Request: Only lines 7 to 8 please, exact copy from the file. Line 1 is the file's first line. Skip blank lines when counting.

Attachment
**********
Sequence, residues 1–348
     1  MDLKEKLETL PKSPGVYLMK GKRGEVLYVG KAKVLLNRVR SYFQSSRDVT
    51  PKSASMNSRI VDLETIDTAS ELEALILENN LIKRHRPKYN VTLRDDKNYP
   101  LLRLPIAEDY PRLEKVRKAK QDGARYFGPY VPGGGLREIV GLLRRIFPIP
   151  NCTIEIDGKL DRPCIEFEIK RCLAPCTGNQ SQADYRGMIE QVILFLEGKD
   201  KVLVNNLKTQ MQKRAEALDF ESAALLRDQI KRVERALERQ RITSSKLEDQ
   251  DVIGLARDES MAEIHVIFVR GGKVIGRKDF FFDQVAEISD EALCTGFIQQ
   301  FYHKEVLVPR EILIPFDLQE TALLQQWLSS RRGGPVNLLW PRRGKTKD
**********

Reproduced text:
   251  DVIGLARDES MAEIHVIFVR GGKVIGRKDF FFDQVAEISD EALCTGFIQQ
   301  FYHKEVLVPR EILIPFDLQE TALLQQWLSS RRGGPVNLLW PRRGKTKD